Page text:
My 40 day challenge is nearing the home stretch! The last day of my 40 days is March 6th. I've been keeping up with my yoga practice every day, although my work schedule has made it impossible for me to make it to my home yoga studio over the past couple of days. Fortunately, I get to hit up an awesome hot power yoga class taught by one of my favorite teachers this morning! I'm still having some issues with my knee, but I know that just getting to class is going to help loosen it up. It's also going to help me sit for hours today at work as I wade through a mountain of paperwork at my desk.
And now, for the reason I'm doing all of this yoga:
Yesterday morning, I heard this episode of the Diane Rehm show on National Public Radio, about the world's "failed response" to the Syrian refugee disaster. After delineating the fact that there are now upwards of 9 million displaced people inside and outside of Syria as a result of the civil war--a staggering, mind-boggling number--one of her guests pointed out that it has been more difficult than normal for relief agencies to raise the money they need to provide assistance to refugees. To paraphrase, he presented this example: an unnamed agency was able to raise more money in three weeks for the Philippines after Typhoon Haiyan than it had been able to raise for Syrian refugee relief in three years. It's a major problem that is making refugee relief so difficult in Syria and in all of the countries that are hosting refugees, both in official camps and in their societies at large.
Why is it that the world has not been better equipped to handle this situation, nor responded with the same sort of outpouring of other horrible events? And why is this not a major news story all the time? I would suggest that the answer is one I'm well aware of, as someone who works as a Middle East historian. The general public in the USA has an image of the Middle East as a violent, always troubled region--one they do not understand, and often do not care to understand. Despite the fact that our lifestyles and economies are entirely dependent upon the natural resources of the region, despite the fact that our monotheistic religions come from the region, and despite the fact that the USA meddles constantly in the region, Americans just do not know about regular people's suffering there. And sadly, when they do learn about it, a lot of people just do not care. I'd like to be wrong about this, but I do not think I am.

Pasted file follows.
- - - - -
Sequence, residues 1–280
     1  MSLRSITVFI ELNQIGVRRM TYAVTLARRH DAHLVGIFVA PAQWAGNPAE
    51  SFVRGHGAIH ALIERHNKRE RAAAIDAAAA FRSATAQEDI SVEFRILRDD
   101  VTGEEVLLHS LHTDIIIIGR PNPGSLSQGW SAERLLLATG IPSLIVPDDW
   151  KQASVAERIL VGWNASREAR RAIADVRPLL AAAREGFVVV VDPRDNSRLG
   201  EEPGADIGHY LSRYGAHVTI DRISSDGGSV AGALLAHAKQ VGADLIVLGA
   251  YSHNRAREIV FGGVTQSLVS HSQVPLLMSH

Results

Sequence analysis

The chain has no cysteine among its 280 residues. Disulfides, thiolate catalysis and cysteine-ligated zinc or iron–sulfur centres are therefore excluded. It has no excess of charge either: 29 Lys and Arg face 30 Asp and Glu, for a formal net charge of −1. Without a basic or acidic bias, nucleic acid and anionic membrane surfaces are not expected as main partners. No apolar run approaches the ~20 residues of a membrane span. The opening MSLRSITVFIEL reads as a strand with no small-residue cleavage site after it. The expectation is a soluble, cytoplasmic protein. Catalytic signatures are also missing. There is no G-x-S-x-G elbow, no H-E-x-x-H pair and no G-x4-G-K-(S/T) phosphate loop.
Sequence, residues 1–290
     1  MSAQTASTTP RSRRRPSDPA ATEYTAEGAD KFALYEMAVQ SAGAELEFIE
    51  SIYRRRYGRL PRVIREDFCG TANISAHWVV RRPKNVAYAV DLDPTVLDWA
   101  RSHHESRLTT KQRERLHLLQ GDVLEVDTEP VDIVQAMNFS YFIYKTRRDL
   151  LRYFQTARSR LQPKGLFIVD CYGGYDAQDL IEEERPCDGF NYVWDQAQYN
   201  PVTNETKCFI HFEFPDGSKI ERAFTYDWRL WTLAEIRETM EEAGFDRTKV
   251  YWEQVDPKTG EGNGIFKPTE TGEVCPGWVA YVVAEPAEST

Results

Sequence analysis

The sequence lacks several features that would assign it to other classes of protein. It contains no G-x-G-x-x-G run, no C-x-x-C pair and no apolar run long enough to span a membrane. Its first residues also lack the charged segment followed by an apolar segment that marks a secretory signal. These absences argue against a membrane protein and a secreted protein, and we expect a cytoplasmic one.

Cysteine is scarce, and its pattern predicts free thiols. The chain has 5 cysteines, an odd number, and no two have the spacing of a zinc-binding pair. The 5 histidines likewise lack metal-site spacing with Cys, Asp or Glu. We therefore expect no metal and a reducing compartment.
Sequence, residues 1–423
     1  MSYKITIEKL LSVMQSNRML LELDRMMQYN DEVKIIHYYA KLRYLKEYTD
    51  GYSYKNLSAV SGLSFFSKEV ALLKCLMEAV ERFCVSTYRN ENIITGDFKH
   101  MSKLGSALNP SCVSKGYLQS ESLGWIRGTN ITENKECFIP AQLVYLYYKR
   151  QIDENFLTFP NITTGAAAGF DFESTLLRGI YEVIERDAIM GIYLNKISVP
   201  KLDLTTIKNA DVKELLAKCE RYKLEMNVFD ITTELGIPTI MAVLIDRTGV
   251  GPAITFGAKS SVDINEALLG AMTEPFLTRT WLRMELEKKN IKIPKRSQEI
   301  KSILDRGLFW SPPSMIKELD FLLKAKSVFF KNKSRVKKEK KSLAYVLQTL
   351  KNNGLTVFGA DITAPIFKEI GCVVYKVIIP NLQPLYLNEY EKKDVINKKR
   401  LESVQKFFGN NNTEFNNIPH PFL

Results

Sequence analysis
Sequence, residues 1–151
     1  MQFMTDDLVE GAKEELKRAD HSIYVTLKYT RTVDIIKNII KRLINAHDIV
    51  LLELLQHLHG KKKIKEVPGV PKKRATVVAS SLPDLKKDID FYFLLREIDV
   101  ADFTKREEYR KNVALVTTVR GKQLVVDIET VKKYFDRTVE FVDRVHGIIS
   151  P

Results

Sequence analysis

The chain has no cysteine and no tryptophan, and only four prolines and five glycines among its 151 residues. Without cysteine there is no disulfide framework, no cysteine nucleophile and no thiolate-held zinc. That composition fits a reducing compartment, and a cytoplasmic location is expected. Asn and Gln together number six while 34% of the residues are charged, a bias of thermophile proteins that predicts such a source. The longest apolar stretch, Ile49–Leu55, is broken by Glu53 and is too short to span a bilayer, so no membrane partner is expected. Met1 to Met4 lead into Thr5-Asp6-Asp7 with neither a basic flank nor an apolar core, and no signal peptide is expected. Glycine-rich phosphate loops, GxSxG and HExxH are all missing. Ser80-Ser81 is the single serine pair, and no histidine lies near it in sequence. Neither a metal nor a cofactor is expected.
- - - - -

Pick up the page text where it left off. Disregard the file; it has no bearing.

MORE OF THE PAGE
Syrians and other Middle Easterners have been dehumanized in the media, and, as a result, it's hard to get the general public to think of them as just regular people trying to live their lives, raise their families, and be happy--just like everyone else in the world. That's why we need more stories like this one, a blurb from Michael Abramowitz of the Center for the Prevention of Genocide at the US Holocaust Memorial, discussing the destruction of Syrian childhood as a result of this catastrophe and the responsibility of the world community to protect these kids. We also need a lot more visual and audio images of regular people in this horrifyingly irregular situation, such as these powerful photographs of "Syria's Lost Generation" by Elena Dorfman. Click on this link and follow the slide show -- you can listen to teenaged refugees' stories as you look at their portraits.
And here's another photo by Dorfman, taken in Lebanon for the UNHRC. I don't know about you, but I cannot turn away from these babies.
Original caption: "Dorfman captures a baby in the box that serves as his crib on the grounds of an active slaughter house near Tripoli [Lebanon]."
I know this is an overwhelming problem, but I believe it is imperative that we all face it head-on and work to curb this humanitarian nightmare. It's not just the right thing to do, but it's political pragmatic as well. My fundraiser is small, but if we all put our small work together, we can make something big. I've made my living off the study of the Levant for many years. This is the least that I can do. Please, consider supporting my fundraiser for the International Rescue Committee and their work with Syrian refugees by making a contribution and/or spreading the word via social media. Thank you very much.